Slow Type 

The renewed interest in typewriters isn't just a hipster trend. It's also about slowing down, developing focus, and maintaining a measure of digital detachment.

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I mentioned an interview with author Cormac McCarthy, who claimed to have written for decades on an Olivetti Lettera 32, doing no more maintenance than blowing the dust out from time to time. McCarthy was not working in pristine environments; he wrote large portions of his sprawling, partially autobiographical novel Suttree on a pig farm and in a barn in Tennessee.

Alexander smiled, saying there was no reason the story couldn't be true. "Dust is the main thing. Don't get dust in there, keep it covered, and just use it," he said, noting that the machine I was referring to fetched more than $200,000 at an auction a few years ago.

I asked what portion of recent typewriter enthusiasts might be called hipsters — that is, people who are more interested in the cool, retro appeal of typewriters than they are of their utility.

Alexander admitted that the store does get such types, "but a lot more people who come in are actually serious users, people who write screenplays, novels, or poetry and who just feel they can't create looking at a computer screen. They've got to have this rhythm, this noise going. We get a lot of people in here saying they've got a computer, but they can't work on it. It's too impersonal."

"Yeah, we have a lot of people who are actually doing things with them," agreed Carmen Permillion. "Some of them talk about how they think differently using a typewriter, and how they're less distracted than they are on the computer. Four or five years ago, we started noticing more young people asking for typewriters. Even though they grew up in the electronic age, a lot of them grew up with a parent's typewriter in the house."

"And," she added, "it still works."

A typewritten broadside posted in the window of California Typewriter on one of my visits distilled other facets of typewriter appreciation rooted primarily in digital discontent. The "Typewriter Insurgency Manifesto," an ever-evolving "open source" document with tongue planted halfway in cheek, was given to the store by its prime author, Richard Polt, during the SF Bay Area Type-In. The document has mutated and been adapted online, but its core has been translated and distributed online in Italian, Portuguese, Serbian, and Swedish.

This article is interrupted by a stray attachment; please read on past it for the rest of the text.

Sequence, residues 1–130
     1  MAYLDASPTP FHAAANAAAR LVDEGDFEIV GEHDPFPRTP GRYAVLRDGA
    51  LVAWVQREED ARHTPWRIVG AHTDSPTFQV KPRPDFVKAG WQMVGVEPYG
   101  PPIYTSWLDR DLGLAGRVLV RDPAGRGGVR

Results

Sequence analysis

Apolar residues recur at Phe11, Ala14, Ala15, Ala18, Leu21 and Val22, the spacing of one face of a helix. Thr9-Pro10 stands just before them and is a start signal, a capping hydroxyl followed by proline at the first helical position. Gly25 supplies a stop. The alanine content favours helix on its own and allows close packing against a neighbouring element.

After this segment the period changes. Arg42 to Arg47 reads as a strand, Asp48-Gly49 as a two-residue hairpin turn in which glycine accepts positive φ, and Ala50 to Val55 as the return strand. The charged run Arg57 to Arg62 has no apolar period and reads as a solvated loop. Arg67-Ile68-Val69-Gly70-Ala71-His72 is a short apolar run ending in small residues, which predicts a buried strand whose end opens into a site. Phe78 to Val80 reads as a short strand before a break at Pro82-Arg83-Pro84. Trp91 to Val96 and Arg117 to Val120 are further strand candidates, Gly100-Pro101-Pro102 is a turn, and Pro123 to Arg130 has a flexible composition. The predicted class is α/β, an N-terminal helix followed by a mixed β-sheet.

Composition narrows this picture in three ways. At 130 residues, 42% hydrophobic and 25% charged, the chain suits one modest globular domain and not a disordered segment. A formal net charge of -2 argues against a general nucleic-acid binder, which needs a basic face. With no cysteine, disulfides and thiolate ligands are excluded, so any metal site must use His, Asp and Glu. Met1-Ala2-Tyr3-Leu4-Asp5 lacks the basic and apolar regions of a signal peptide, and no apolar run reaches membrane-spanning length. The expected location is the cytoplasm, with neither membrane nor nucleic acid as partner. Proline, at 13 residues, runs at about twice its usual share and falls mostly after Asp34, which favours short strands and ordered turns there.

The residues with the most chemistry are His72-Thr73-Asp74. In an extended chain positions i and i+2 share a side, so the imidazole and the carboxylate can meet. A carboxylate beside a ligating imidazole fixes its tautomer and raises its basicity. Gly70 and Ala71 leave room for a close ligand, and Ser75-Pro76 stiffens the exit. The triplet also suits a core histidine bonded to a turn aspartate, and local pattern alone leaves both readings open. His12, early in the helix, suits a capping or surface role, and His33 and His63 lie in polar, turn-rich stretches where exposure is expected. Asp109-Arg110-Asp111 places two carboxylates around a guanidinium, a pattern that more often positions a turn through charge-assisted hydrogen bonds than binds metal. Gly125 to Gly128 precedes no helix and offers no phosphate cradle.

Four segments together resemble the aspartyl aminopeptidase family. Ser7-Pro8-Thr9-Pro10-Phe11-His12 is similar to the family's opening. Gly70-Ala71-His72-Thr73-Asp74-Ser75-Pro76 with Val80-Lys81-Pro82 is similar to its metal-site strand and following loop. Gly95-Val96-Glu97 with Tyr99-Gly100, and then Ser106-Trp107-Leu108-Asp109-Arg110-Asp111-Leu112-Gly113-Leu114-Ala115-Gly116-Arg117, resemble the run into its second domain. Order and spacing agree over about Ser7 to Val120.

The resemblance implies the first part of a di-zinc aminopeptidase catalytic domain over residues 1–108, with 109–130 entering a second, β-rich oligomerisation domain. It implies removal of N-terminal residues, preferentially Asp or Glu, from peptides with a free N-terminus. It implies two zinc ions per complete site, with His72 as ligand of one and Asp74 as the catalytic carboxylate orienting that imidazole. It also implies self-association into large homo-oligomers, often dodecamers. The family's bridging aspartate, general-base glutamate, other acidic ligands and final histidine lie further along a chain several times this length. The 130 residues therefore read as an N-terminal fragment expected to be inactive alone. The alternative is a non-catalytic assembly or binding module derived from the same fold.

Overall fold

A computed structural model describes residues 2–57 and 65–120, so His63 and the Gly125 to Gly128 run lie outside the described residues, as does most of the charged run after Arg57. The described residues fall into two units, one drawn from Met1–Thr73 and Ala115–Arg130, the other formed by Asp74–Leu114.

"We assert our right ... to rebel against the Information Regime, to escape the Data Stream," the manifesto begins. "We strike a blow for self-reliance, privacy, and coherence, against dependency, surveillance, and disintegration ... We choose the real over representation, the physical over the digital, the durable over the unsustainable, the self-sufficient over the efficient."

Referencing the manifesto's mention of privacy and surveillance, I asked Carmen Permillion and Ken Alexander about customers who might have expressed privacy concerns as a significant reason for writing on typewriters instead of computers.

"Yeah, we get a few people who say that. I mean, we get people in who don't really even want to tell me their name," said Carmen.

"Yeah," Ken chimed in. "How do you spell that again? K-A-C-Z...?"

A strong desire for privacy doesn't make you a would-be Ted Kaczynski, of course. Critically acclaimed author William T. Vollman was one of the FBI's Unabomber suspects before Kaczynski was apprehended, presumably because Kaczynski had used the pen initials "F.C.," which correlated to the title of Vollmann's "anti-growth" and "anti-progress" 1992 book Fathers and Crows, a brutal depiction of relationships between Jesuits and Iroquois and Huron Native Americans during the 17th-century French colonization of Canada. In a December 2013 essay for Foreign Policy magazine entitled "Machines of Loving Grace," Vollman revealed that by reviewing the 294 of the 785 pages of his FBI dossier that were released to him, he learned he was a suspect in the 2001 anthrax attacks as well, primarily because he'd been a suspect in the Unabomber case.

Concerns about privacy in the computer world and a desire to defend what former US Supreme Court Justice Louis Brandeis famously called "the right to be left alone" have never been more valid, and a desire to resist what author Christian Parenti calls the "soft cage" in his book of the same name is another reason for detaching, at least somewhat, from our networked digital devices.

"As digital technology spreads, surveillance becomes more ubiquitous, automatic, anonymous, decentralized, and self-reinforcing," wrote Parenti. "Computers create a parallel realm ... of interconnected records and databases, in which we all exist and in which we are all watched." And it's not, in most cases, that we're "'being watched' so much as we are voluntarily 'checking in' with authorities."

Many word processing programs and printers insert unique identifying information into files, whether you want them to or not, autosave features can retain material you never intended to keep, and data on your computer or in "the cloud" is relentlessly mined and aggregated. Many of us have become accustomed to having a camera lens facing us, above our laptop screens and on the fronts of our phones, just as we've become accustomed to cameras tracking us at intersections. Like it or not, computers build an ever more detailed map of our movements and behaviors, and, as Parenti noted in his book, such everyday intrusions on our privacy sometimes aren't all that significant in and of themselves, but they are part of a long-term, often clandestine, expansion of routine surveillance in American life.

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